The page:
Good germination, great flavorI've had limited success in the past growing corn, but this year I was "all in" with 6 rows X 5 plants - that's a lot of space in my 5' X 30' garden. The corn germinated well, much better than earlier attempts. Plants grew with few problems, and 2 ears started on each stalk (although most stalks only produced one ear in the end). I fertilized about a month after planting, then not again - perhaps I should have applied 1 additional time. The corn was sweet and delicious and not plagued with any pests (we do not use pesticides). The only thing I would do differently is to succession-plant - we had more than we could handle for 2 ppl, although eating Jersey corn every day is a pretty good problem to have! Definitely recommend this variety.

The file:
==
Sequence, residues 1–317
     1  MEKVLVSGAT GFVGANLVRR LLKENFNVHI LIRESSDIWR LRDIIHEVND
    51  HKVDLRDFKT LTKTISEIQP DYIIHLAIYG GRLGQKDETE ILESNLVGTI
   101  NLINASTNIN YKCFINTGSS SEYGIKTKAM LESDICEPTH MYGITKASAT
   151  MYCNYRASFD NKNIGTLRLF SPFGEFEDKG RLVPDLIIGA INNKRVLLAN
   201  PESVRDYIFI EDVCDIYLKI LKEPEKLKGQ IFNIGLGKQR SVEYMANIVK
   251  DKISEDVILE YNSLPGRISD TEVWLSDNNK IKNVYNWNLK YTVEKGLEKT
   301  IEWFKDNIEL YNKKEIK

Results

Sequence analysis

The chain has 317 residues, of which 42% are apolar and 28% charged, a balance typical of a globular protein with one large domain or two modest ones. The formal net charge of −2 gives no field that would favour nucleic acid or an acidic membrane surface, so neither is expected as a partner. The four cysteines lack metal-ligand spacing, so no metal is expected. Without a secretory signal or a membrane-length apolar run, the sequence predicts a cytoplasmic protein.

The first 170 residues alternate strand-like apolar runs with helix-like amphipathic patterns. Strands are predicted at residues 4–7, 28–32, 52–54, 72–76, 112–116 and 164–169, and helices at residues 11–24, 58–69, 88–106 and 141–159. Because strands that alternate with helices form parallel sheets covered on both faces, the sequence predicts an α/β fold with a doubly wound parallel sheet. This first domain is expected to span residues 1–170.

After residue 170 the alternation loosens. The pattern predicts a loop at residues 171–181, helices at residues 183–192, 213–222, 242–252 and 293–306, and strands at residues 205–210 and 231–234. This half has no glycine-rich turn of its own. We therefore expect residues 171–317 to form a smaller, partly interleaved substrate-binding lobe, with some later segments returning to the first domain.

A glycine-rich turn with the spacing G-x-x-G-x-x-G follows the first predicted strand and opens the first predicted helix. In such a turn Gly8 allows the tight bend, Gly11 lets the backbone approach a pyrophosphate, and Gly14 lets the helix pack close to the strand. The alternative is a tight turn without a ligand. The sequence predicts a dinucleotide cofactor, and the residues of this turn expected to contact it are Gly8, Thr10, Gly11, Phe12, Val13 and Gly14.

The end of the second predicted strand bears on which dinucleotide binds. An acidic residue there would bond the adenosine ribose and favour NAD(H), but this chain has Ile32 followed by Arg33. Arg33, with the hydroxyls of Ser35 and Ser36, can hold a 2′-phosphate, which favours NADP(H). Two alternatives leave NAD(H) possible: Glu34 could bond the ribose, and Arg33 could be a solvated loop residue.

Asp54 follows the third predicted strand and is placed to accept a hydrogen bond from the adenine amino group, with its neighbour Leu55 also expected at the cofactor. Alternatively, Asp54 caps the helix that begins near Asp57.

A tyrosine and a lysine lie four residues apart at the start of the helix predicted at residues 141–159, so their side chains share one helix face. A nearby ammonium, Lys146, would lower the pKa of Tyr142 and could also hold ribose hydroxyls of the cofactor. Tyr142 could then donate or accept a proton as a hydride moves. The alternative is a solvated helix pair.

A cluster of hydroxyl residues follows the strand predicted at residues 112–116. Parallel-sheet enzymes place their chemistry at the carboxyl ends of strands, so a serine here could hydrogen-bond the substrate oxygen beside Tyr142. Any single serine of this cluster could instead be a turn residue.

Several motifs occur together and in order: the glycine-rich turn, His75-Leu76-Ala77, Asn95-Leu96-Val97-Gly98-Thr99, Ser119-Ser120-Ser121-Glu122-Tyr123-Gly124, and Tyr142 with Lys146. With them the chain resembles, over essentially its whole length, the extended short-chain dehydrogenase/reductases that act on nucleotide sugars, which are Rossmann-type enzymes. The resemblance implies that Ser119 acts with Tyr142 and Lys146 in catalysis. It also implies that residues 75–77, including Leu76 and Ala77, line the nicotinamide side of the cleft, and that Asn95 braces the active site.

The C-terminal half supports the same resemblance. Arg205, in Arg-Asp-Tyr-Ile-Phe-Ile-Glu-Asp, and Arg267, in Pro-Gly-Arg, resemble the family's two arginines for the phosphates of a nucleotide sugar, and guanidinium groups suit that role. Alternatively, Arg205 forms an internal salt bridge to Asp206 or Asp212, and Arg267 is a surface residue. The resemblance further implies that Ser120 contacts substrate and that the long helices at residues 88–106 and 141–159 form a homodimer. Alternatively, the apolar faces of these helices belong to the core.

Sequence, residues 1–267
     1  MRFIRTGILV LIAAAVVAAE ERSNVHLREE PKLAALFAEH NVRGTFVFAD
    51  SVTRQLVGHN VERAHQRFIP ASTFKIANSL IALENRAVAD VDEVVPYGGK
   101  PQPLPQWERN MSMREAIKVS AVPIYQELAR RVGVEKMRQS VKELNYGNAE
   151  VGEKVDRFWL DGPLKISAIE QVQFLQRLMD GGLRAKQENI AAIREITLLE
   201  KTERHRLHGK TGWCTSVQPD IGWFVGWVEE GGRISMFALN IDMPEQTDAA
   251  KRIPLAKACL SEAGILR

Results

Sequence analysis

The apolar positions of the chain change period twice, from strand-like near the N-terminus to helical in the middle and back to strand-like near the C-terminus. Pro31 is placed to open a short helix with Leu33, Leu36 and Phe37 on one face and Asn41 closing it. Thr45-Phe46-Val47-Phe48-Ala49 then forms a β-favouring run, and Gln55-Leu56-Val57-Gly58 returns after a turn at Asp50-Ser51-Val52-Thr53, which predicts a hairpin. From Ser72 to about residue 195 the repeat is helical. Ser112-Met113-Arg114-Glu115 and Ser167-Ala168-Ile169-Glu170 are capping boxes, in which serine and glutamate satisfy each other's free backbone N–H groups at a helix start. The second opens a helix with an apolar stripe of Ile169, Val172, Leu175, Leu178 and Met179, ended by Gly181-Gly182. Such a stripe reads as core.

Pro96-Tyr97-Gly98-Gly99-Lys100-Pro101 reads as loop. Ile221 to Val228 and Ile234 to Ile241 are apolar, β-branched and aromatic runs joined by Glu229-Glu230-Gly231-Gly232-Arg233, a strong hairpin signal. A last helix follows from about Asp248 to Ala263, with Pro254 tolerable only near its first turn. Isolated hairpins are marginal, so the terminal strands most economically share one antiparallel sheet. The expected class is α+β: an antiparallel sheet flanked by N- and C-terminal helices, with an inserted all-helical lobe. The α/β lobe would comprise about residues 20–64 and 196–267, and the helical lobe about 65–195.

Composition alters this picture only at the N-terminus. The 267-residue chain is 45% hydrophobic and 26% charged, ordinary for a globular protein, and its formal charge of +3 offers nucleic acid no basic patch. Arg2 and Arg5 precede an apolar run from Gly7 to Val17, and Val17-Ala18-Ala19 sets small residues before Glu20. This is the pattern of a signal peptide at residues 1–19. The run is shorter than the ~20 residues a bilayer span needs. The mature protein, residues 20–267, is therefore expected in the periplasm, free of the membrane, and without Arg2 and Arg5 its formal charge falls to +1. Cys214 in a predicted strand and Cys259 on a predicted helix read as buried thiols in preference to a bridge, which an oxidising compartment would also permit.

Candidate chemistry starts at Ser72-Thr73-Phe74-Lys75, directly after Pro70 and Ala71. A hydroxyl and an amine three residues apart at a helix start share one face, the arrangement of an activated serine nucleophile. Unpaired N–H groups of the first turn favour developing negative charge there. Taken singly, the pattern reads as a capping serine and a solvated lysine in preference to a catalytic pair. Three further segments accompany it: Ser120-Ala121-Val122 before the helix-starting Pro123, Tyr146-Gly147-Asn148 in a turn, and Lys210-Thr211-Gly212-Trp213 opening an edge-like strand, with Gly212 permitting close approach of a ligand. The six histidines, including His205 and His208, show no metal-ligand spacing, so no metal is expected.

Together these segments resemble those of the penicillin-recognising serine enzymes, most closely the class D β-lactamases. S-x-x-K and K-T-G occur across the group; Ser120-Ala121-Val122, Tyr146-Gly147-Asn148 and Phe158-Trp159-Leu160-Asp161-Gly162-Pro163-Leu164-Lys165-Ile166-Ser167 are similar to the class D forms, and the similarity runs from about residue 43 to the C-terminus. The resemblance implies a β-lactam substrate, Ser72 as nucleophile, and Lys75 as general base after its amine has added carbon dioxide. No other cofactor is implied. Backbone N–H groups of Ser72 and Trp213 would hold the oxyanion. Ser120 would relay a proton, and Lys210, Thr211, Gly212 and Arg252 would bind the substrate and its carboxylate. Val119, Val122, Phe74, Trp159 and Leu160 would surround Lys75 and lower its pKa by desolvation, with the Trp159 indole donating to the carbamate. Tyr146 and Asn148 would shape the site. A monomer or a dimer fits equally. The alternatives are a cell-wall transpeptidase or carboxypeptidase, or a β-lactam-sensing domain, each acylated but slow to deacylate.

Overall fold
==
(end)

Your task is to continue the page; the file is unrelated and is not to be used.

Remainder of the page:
Date published: 2015-08-24
Rated 5 out of
"Sweet" CornWe planted this with Chubby Checkers and it was sweet enough to eat right out of the garden. Great for home gardens. This is on our list for next year!
Date published: 2014-09-05
Rated 3 out of
Not my favoriteI am disappointed with this variety. It grew and produced nicely, but I did not care much for the flavor, texture, and especially the tendency for the silk to grown down in between rows of kernels, making it difficult to clean.
Not as good tasting as the burpee "chubby checker" variety.
Date published: 2014-08-04
Rated 5 out of
Amazing!This was about the best corn I've ever had in my life. We have had trouble getting corn to grow in the past. Not Ambrosia. Grew so well we had corn left to put in the freezer. We'd take this out on the river. Just threw it in to a cooler full of boiling water and 20 minutes later it was ready. We are buying again this year and plan to double our planting this year.
Date published: 2014-04-08
Rated 5 out of